“We didn’t have a lot of meetings (Save Squak), but then Reagan Dunn showed up at Issaquah City Council,” Kappler said. “Larry Phillips has his name written over everything that’s green.”

Kappler said they were sort of out of their league on the whole thing.

“The people on Save Squak were great. They knew when to cool it when we needed to cool it,” he said.

….

Click here to read the complete article in the Issaquah Reporter.

Final acquisition set for Squak Mountain forest, with King County-The Trust for Public Land accord

Public celebration May 10 of 226-acre forest acquired for recreation, habitat

A public celebration is set to commemorate preservation of 226 acres of high-quality forestland in the IssaquahSquak_Mountain_timber Alps – the result of a partnership between King County and The Trust for Public Land. This acquisition adds to King County’s Cougar-Squak Corridor parkland.

“Our partnership to protect Squak Mountain’s irreplaceable fish and wildlife habitat is cause for celebration,” said King County Executive Dow Constantine. “I want to thank The Trust for Public Land and the people of King County on behalf of generations who will enjoy hiking, viewing wildlife, and other recreation in this forest.”

“Our mission is saving land for people, and that’s exactly what we’ve done here,” said Paul Kundtz, State Director for The Trust for Public Land. “We’re very proud to have helped add Squak Mountain forest to King County’s publicly owned lands.”

“Preserving Squak Mountain answers the public call to save the forest from clear cutting and protects this cherished habitat and recreational area adjacent to prized County and State parks,” said King County Council Chair Larry Phillips. “I thank The Trust for Public Land for partnering with us to preserve this property.”

“This is a great victory for the residents around Squak Mountain that brought this important issue to our attention,” said King County Council member Reagan Dunn, whose district includes Squak Mountain. “Thanks to the advocacy of organizations such as “Save Squak” and the Issaquah Alps Trail Club we are saving valuable habitat while increasing recreational opportunities for King County residents.

A public celebration of the Squak Mountain forest acquisition is scheduled for May 10, when partnership leaders and environmental supporters will make brief remarks and invite everyone to take any of several short guided hikes through the forest.

This forestland is closed to the public until 2015, so the May 10 event will be an early opportunity for the public to see the property. King County Parks must prepare the site for public use before full access can be allowed, including property clean-up, removing infrastructure, establishing trail routes, and ensuring property is safe and ready for public use.

The Trust for Public Land purchased the 226–acre property in six parcels from the previous landowner. King County recently purchased about half of the total acreage from The Trust for Public Land using King County Parks Levy regional open space funds, Conservation Futures funds, and Real Estate Excise Taxes.

The Trust for Public Land will retain ownership of the remaining acreage until King County raises the additional funds to complete the purchase, when it will be added to the County’s Cougar-Squak Corridor.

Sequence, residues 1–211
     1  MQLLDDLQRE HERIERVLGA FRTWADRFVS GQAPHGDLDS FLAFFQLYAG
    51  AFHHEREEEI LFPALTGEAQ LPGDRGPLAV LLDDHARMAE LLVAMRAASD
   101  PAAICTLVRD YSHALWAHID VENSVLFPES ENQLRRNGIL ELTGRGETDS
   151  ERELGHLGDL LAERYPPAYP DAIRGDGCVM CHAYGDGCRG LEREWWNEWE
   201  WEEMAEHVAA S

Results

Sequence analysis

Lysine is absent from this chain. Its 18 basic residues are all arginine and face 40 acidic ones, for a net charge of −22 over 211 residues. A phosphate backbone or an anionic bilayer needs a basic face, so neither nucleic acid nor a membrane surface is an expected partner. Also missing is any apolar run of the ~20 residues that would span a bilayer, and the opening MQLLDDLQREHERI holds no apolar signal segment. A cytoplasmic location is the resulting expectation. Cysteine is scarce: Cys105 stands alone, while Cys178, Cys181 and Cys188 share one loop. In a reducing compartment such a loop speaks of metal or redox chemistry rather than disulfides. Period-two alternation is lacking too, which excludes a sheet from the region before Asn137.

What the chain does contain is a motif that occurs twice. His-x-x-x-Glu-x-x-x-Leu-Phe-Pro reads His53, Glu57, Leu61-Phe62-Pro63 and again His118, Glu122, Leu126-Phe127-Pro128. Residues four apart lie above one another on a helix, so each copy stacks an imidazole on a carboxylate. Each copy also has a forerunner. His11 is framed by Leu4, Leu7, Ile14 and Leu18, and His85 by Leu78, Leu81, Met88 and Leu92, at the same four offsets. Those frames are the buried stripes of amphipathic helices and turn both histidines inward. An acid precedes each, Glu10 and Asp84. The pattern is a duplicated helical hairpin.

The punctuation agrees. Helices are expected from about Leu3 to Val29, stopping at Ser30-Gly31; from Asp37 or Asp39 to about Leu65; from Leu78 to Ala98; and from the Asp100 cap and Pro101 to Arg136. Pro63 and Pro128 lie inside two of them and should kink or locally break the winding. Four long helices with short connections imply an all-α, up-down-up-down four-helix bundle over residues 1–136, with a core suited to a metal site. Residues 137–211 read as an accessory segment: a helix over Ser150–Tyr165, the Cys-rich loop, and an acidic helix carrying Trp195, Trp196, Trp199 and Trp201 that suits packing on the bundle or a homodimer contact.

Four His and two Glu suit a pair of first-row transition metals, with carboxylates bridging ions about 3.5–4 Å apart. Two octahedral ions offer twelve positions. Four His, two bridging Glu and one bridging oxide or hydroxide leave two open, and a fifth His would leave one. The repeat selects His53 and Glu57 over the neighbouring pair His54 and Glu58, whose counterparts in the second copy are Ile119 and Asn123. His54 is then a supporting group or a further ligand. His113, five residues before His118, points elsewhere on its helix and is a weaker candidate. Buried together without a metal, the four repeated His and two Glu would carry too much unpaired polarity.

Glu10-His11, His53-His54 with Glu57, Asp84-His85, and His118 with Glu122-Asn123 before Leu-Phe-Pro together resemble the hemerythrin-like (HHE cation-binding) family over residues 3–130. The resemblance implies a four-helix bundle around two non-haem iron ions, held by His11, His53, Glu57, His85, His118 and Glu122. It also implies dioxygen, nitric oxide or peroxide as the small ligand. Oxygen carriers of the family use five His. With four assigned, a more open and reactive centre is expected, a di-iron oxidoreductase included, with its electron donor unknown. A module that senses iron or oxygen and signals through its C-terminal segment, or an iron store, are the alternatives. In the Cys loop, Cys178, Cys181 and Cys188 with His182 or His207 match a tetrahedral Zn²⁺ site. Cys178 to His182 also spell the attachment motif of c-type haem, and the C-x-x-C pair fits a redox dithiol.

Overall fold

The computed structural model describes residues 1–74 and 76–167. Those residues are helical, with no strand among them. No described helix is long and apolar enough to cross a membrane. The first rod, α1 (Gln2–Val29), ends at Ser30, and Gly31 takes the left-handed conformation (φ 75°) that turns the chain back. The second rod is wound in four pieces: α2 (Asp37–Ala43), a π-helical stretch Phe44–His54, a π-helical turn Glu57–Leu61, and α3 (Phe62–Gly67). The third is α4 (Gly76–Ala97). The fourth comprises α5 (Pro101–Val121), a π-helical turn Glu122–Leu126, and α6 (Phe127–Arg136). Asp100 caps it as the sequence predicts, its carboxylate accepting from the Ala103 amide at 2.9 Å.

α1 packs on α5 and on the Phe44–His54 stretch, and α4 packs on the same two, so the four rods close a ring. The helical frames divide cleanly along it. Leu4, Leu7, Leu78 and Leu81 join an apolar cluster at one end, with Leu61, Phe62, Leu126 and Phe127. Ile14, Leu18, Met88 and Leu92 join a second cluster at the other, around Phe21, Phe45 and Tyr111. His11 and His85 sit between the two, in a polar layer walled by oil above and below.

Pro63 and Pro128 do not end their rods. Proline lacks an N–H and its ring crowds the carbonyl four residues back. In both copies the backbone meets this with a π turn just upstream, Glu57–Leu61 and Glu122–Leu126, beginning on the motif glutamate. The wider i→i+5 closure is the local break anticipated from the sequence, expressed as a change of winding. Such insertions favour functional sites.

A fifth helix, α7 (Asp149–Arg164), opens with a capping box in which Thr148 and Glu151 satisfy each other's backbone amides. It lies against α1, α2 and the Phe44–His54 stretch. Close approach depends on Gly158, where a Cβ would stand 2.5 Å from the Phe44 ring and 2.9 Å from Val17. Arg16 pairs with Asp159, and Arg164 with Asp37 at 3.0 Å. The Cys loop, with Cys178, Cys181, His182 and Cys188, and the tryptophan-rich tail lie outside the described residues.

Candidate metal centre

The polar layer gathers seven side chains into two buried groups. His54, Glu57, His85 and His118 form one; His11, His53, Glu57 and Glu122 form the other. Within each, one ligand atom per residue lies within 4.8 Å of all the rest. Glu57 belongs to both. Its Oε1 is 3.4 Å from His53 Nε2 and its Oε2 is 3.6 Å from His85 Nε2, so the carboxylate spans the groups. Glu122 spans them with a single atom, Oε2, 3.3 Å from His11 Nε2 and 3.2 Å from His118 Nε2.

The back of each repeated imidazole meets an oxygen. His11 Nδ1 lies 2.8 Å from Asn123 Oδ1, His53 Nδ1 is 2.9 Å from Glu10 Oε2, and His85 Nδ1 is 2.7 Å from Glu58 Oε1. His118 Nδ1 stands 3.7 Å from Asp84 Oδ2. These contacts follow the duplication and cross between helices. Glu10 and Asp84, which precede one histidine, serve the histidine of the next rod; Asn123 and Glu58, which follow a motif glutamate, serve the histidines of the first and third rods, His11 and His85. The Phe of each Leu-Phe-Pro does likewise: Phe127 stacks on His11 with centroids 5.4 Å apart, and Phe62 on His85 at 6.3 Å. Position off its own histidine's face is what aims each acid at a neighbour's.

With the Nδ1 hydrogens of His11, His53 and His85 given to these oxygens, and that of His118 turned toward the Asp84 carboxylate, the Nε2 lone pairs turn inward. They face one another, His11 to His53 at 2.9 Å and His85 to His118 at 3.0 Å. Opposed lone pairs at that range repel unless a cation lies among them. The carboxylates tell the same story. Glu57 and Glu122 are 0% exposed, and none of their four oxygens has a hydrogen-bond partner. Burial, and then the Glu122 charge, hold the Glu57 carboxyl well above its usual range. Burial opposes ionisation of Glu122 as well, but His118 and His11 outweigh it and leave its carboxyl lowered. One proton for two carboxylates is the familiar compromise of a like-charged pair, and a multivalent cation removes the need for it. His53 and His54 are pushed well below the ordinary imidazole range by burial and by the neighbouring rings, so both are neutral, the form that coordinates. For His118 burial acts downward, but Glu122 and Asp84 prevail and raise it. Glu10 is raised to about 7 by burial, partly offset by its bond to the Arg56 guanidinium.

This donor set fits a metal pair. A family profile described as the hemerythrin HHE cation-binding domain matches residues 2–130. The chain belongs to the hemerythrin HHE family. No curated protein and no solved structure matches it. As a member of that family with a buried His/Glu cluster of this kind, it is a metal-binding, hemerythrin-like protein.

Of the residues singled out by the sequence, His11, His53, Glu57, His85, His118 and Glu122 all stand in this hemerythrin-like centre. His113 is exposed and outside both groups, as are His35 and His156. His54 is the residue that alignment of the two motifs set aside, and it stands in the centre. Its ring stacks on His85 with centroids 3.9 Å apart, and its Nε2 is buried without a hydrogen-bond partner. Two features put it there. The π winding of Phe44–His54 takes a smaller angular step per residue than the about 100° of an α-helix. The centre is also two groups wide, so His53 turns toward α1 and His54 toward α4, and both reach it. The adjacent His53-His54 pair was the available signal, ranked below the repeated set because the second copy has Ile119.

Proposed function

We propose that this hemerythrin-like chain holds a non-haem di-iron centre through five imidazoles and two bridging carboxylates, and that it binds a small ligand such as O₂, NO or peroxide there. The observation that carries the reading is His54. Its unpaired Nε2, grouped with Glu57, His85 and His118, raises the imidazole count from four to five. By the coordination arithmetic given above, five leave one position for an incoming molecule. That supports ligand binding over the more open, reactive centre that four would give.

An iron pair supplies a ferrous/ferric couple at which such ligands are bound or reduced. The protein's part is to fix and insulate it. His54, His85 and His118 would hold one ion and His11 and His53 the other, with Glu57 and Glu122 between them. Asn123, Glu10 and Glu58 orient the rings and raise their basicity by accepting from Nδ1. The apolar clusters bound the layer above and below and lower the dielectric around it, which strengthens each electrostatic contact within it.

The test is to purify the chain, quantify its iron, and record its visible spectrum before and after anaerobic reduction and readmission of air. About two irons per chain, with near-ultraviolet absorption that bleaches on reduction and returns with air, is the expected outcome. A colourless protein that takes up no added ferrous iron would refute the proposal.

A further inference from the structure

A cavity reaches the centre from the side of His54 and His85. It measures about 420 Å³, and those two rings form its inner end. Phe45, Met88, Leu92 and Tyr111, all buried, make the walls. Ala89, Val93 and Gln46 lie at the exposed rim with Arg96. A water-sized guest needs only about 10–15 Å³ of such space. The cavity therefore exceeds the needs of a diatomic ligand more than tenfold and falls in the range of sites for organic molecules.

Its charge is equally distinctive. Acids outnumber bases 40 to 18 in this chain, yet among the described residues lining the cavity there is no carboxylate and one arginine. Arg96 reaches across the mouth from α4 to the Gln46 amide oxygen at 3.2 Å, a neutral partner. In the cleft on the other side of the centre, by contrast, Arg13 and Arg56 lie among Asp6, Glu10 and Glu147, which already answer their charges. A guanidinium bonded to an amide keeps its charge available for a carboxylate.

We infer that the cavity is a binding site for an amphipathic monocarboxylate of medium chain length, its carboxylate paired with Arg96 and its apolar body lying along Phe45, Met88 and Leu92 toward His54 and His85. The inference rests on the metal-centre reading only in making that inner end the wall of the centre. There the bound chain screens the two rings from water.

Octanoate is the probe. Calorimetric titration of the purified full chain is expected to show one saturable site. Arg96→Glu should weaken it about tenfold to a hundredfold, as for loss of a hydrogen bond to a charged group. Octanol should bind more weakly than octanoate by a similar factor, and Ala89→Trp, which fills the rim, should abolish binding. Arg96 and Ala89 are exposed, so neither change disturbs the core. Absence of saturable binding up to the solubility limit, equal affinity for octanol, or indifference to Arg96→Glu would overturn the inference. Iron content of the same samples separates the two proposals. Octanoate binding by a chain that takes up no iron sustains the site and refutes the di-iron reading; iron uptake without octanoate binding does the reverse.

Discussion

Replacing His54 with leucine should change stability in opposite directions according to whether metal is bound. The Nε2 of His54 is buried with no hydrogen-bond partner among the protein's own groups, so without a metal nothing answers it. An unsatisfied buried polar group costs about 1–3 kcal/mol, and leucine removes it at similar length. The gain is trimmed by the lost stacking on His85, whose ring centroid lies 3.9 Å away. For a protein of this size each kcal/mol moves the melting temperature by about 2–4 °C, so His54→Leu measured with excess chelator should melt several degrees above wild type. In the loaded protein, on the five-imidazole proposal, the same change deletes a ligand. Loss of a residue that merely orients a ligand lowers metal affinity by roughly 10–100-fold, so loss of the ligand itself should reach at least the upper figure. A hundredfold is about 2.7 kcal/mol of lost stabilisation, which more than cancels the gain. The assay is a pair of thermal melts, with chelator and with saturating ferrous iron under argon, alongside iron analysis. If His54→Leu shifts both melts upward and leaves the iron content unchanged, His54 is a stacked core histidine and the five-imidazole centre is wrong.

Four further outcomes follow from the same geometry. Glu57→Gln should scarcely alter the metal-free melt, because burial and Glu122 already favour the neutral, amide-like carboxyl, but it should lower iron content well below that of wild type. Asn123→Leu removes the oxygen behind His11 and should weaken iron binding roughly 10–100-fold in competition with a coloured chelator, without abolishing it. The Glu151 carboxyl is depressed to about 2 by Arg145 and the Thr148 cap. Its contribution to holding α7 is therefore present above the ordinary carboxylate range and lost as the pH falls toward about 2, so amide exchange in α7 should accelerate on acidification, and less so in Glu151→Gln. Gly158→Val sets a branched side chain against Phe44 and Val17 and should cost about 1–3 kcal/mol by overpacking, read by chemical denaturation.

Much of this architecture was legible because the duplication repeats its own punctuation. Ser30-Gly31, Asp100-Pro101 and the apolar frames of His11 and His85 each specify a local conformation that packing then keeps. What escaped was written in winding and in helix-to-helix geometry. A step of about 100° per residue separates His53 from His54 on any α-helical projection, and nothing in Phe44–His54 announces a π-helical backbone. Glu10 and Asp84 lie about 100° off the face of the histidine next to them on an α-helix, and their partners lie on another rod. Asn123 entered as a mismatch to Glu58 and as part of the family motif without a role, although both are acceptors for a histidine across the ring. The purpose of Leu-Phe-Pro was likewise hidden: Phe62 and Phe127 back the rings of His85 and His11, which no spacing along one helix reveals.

Parks will open the property for hiking-only use in 2015. Parks anticipates having a public planning process in 2015 to help determine future uses for the site.

The May 10 public celebration event starts at 10 a.m. and includes options for hikes of varying lengths through the property. Access to the celebration location is at 10610 Renton-Issaquah Road SE (State Route 900) (Click here for map).

There has been significant interest in the public to see this land, trail system, and natural resources conserved. The grassroots efforts were led by the organization “Save Squak” which helped focus community energy in support of this acquisition.

“We could not have wished for or imagined a better cooperative effort between citizen groups, all levels and departments within King County and The Trust for Public Land,” said David Kappler of the Issaquah Alps Trail Club, and a primary organizer of the Save Squak citizens group.

King County has been interested in maintaining the land’s recreational opportunities and preserving its rich forest habitat which supports a variety of wildlife and birds, including black bear, cougar and possibly endangered marbled murrelets. The headwaters of May Creek, a seven-mile-long salmon stream that flows into Lake Washington, rise here.

A prominent natural feature visible from State Route 900 on the Mountains to Sound Greenway, this part of Squak Mountain has long been used as a private forest camp and is wedged between Squak Mountain State Park and King County’s Cougar Mountain Regional Wildland Park.

About The Trust for Public Land
Founded in 1972, The Trust for Public Land is the leading nonprofit working to conserve land for people. Operating from more than 30 offices nationwide, The Trust for Public Land has protected more than three million acres from the inner city to the wilderness and helped generate more than $34 billion in public funds for conservation. Nearly ten million people live within a ten-minute walk of a Trust for Public Land park, garden, or natural area, and millions more visit these sites every year. Learn more at http://www.tpl.org/.

About King County Parks

King County Parks – Your Big Backyard – offers more than 200 parks and 26,000 acres of parks and natural lands, including such regional treasures as Marymoor Park and Cougar Mountain Regional Wildland Park, 175 miles of regional trails, 180 miles of backcountry trails and a world-class aquatic center. By cultivating strong relationships with non-profit, corporate and community partners, King County Parks enhances park amenities while reducing costs. Learn more at http://www.kingcounty.gov/parks/.

Issaquah Press: “Agreement protects Squak from logging”

August 6, 2013, Issaquah Press: “Agreement protects Squak from logging”

Peter Clark of the Issaquah Press had a good article this week about the joint success of Trust for Public Land and King County in purchasing the Squak Mountain forest land from Erickson Logging.